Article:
The European Commission’s proposal to reduce pesticide and fertilizer use will usher in a new era of European farmer poverty and imperil the food security of its member countries. It does no good to the soil or to the environment. It is time for Europeans to request their respective governments to resist the Farm to Fork initiative.

Australia: Renewables-loving NSW energy minister takes an extraordinary swipe at mining 'barons' despite 80% of power during 40C heatwave coming from coal

New South Wales energy minister Matt Kean took a swipe at 'coal barons' on Sunday after passing new laws to tackle climate change - even though coal still provides most of the state's power.

Mr Kean boasted that his plan to encourage $32billion of private investment in renewable energy projects by 2030 was a slap in the face for 'vested interests.'

In a tweet on Sunday morning, he wrote: 'Those powerful vested interests - the big energy money, the coal barons, that have decided energy policy in this country for generations - now will have to face policy settings that favour the community not their own self interest.'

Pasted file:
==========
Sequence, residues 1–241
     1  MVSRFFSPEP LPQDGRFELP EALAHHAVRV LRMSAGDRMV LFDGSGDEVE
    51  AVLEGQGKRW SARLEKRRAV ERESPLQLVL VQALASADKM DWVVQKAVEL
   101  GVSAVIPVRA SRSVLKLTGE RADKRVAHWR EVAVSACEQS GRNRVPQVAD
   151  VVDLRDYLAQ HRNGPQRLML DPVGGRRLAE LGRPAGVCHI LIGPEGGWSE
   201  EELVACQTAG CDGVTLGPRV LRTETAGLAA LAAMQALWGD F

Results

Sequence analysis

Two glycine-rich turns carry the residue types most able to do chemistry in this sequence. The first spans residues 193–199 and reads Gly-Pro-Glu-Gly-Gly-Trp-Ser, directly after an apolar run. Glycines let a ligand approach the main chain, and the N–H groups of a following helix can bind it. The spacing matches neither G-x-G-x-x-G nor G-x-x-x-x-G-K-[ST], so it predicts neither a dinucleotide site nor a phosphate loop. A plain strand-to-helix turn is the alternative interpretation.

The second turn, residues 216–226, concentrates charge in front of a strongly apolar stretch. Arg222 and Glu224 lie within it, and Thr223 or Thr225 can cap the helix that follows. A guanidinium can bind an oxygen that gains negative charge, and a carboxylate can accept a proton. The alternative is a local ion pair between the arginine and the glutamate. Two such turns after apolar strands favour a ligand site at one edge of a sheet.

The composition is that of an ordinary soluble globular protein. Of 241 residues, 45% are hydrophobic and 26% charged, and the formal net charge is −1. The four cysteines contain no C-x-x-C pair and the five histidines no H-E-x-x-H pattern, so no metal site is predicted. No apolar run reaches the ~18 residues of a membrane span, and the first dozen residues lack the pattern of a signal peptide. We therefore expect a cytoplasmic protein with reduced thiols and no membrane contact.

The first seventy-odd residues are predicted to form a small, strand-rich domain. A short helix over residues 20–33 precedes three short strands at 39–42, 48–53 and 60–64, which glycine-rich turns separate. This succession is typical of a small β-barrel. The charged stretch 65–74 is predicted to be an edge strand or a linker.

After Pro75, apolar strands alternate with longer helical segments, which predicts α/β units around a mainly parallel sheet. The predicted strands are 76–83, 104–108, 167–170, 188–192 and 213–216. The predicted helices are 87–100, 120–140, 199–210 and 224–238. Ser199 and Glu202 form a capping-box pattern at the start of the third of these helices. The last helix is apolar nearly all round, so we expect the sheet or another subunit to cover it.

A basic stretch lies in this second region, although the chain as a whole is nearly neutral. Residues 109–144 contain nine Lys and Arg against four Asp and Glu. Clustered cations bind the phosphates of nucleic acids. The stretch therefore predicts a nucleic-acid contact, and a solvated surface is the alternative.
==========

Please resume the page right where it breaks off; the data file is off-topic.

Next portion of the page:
Suggesting that coal power has no future, the Liberal energy minster said coal magnates complaining about his plan were like 'Blockbuster complaining about Netflix'.

Just 24 hours earlier coal was providing 80 per cent of the state's electricity as residents fired up their air-conditioning units to tackle sweltering 40C temperatures, reported the Daily Telegraph.

Mr Kean's comments were met with criticism from opponents who say his new laws, supported by Labor and the Greens, may push up power prices.

NSW One Nation leader told Daily Mail Australia that far from being a blow to vested interests, the energy bill which passed on Friday was a huge win for the major players in the renewables sector.

'It certainly represents guaranteed income for renewable energy companies and their lobbyists, paid for by electricity consumers,' he said.